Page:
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The Texas Code of Criminal Procedure Article 38.23 remedy/suppression issue is not before the Court in Reeder, Douds, or Weems. Douds and Weems raised the issue, but the Court declined to review the issue in both cases.

Summaries of the pending PDR cases are available on the State Prosecuting Attorney's website.
 
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So, I guess the CCA is content to let that part of these cases be decided at the intermediate court level. That is very sad since it cannot be said the issue was decided in either Howard or Daugherty (or Leon). Subsection (a) of the statute should be construed without reference to subsection (b). Davis is as much a part of the Fourth Amendment as Mapp. The courts in California, New Jersey, and Wisconsin have correctly construed the remedy part of the law, so should those in Texas.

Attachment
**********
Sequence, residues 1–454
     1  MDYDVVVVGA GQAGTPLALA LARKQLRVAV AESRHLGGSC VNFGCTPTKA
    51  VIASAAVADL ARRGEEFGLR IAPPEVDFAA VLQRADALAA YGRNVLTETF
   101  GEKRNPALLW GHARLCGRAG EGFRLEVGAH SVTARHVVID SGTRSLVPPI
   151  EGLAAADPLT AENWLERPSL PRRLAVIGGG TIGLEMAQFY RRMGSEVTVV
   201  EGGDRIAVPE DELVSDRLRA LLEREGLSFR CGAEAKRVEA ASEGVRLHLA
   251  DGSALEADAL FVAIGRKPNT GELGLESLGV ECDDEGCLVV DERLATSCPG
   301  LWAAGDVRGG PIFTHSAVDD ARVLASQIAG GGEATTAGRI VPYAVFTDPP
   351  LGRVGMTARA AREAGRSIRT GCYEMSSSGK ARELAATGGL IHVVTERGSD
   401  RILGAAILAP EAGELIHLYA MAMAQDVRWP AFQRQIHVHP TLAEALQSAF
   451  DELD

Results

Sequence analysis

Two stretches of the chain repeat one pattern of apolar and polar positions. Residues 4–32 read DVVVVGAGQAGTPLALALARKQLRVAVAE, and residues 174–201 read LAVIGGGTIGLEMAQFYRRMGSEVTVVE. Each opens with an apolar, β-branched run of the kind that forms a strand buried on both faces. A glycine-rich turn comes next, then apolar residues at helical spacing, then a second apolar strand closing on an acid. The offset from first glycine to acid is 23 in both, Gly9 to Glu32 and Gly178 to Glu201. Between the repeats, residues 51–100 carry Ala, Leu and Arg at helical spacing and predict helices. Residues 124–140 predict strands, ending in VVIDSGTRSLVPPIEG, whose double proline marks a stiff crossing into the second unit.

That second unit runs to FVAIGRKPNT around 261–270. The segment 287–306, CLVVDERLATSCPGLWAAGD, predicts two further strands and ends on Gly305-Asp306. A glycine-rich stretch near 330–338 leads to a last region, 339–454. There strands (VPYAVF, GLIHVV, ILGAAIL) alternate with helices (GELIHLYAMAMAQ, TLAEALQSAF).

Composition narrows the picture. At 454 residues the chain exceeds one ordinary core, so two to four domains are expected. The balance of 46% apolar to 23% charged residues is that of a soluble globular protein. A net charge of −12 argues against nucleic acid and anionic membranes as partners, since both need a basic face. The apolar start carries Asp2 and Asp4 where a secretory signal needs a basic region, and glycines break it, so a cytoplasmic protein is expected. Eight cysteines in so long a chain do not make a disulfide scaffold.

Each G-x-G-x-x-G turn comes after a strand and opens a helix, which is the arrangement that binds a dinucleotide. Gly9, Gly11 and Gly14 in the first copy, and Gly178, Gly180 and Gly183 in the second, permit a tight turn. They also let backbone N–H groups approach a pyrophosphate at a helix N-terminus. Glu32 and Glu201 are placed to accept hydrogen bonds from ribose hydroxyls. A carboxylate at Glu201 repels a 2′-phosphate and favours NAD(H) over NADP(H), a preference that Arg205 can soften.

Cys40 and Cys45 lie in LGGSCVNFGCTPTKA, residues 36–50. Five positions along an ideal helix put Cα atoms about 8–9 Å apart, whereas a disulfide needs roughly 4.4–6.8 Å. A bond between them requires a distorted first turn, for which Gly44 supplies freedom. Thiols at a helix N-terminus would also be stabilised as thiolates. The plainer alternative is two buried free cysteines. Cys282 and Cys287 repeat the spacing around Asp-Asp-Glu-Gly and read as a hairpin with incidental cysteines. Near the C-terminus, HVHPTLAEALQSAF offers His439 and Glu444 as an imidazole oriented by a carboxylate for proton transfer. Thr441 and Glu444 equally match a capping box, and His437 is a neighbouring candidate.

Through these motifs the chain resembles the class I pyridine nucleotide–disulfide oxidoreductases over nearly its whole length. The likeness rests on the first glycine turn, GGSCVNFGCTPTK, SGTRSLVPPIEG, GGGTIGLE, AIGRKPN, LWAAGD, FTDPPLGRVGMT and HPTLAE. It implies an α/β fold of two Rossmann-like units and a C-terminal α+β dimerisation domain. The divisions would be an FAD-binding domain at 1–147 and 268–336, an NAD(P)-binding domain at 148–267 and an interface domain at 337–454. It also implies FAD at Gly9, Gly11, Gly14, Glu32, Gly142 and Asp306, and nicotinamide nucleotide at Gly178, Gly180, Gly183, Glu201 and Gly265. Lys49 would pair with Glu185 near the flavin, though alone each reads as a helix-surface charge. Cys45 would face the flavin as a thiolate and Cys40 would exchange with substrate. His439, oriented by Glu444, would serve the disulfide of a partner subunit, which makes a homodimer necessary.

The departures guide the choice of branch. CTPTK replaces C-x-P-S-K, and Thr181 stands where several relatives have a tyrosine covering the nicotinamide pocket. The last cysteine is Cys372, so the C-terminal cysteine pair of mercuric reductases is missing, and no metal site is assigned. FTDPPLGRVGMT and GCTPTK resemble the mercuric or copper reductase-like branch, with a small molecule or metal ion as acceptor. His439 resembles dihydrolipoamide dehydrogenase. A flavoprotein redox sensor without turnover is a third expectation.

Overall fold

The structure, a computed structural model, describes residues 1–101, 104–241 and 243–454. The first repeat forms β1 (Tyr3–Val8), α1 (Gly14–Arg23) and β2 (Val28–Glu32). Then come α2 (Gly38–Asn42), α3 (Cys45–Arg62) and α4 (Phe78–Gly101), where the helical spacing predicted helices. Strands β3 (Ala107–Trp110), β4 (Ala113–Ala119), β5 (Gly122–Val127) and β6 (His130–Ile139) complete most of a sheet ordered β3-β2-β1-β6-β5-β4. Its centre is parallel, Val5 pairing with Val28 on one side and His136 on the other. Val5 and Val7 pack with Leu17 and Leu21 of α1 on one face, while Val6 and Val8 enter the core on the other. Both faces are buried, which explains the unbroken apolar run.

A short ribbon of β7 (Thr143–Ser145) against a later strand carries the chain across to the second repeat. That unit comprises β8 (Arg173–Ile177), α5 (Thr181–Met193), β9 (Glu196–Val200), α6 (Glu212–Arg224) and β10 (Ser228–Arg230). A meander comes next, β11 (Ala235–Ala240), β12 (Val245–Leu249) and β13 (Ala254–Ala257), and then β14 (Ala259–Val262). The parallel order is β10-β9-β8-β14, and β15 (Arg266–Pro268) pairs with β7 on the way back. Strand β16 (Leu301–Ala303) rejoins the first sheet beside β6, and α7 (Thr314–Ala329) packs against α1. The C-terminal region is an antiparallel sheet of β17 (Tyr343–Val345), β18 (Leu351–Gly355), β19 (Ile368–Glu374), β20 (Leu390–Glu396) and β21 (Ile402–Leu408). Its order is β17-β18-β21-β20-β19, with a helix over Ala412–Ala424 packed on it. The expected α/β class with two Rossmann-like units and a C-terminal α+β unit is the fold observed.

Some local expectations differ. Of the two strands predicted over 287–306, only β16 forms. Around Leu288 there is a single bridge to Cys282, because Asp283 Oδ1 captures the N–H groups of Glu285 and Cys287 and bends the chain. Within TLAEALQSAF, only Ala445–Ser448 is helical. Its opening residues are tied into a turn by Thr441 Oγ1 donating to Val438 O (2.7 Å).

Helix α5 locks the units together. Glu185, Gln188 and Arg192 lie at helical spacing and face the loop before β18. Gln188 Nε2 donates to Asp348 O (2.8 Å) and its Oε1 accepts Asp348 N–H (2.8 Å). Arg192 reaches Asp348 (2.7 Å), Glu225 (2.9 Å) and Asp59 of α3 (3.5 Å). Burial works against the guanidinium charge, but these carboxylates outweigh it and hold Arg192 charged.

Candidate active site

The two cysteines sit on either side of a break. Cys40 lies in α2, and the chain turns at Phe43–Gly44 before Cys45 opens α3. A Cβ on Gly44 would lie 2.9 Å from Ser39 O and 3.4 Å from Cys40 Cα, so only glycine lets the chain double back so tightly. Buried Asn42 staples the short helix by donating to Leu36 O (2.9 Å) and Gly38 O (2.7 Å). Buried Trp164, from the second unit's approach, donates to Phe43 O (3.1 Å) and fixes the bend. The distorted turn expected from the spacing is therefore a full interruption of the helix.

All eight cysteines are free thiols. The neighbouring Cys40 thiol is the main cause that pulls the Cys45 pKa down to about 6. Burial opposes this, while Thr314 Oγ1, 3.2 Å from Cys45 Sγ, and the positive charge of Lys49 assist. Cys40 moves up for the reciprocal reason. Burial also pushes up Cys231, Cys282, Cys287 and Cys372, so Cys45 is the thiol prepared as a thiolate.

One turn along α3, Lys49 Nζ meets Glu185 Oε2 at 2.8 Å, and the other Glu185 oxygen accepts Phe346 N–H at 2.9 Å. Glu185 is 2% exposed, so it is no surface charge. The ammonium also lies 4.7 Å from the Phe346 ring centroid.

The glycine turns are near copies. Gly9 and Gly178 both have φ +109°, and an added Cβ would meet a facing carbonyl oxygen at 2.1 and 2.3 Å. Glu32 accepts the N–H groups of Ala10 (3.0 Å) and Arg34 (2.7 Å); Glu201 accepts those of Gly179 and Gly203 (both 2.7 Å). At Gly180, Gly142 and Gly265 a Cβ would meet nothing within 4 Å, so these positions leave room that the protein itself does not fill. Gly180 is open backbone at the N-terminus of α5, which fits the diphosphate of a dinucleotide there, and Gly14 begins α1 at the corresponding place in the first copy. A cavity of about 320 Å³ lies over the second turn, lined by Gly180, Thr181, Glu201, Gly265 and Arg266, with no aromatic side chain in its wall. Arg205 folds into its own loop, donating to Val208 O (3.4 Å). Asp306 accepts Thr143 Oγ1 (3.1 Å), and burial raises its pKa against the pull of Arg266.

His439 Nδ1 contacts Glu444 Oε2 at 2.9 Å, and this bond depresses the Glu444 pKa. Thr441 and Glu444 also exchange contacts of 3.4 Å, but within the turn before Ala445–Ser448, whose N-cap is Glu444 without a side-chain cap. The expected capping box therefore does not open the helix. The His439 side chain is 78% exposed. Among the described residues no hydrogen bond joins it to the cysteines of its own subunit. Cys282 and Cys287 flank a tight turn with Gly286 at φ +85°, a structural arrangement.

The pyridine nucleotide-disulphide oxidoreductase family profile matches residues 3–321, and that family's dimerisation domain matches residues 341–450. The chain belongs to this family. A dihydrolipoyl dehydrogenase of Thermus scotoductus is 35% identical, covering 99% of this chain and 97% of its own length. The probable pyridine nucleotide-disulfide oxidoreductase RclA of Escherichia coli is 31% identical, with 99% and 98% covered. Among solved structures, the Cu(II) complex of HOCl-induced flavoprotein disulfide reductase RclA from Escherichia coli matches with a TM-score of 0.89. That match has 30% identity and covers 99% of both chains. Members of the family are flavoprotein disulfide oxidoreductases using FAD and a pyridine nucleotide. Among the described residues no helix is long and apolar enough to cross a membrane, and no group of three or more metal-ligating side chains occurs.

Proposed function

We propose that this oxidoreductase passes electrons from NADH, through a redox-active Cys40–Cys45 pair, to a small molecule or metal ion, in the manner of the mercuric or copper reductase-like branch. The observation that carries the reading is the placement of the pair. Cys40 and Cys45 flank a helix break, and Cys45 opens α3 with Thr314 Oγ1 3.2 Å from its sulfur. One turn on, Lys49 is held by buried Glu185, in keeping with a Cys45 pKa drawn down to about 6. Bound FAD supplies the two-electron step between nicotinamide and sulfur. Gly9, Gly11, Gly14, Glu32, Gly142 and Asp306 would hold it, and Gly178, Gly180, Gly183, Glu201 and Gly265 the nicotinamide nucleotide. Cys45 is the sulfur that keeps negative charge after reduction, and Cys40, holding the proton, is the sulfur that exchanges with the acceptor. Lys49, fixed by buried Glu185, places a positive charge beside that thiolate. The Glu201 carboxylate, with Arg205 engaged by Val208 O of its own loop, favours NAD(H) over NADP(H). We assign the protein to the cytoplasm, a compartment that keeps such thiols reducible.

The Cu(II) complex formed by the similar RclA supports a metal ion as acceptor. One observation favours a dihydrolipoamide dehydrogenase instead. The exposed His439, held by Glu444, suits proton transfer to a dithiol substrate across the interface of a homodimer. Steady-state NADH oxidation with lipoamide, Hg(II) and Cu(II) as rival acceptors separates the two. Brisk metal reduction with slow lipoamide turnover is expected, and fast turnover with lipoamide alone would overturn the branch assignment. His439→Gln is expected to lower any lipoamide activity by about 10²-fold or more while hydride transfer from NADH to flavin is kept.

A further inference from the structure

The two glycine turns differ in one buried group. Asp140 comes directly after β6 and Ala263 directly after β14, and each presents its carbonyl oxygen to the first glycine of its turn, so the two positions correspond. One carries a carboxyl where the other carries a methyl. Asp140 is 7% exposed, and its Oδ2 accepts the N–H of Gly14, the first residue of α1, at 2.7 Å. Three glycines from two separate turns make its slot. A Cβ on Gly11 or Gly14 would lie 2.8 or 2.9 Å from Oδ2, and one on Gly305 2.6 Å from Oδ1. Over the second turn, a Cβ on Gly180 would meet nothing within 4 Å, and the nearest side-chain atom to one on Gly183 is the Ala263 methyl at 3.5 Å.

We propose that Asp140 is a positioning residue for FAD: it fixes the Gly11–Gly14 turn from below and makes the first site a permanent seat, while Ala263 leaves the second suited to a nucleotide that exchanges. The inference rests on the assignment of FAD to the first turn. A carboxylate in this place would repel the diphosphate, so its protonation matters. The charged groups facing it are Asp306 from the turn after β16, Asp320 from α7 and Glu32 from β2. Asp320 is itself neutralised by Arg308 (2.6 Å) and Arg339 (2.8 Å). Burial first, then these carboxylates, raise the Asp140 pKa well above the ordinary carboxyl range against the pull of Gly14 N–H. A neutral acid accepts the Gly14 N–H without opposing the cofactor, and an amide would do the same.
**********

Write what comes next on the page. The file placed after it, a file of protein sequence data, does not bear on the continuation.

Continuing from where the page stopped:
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Could we use this situation to argue for an amendment to the good faith rule in 38.23 to bring it more in line with its federal counterpart?
 
Posts: 2127 | Location: McKinney, Texas, USA | Registered: February 15, 2001Reply With QuoteReport This Post
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The issue of implied consent is not involved in Schaufele, nor has it yet been raised by petitions for certiorari in any of the Nevada, Idaho, Kansas, or South Dakota cases. So, frankly, it is imperative that the decision in Villarreal (or Aviles) be subjected to further review if we want to get to the bottom of the matter. In the meantime, perhaps a favorable decision will come out of the Hawaii, Tennessee, New Jersey, or California Supreme Courts.
 
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For whatever it may mean, the dissenting opinion in Schaufele was not enough to gain review of the case in Washington. So the chance of any further explication this term seems virtually nil.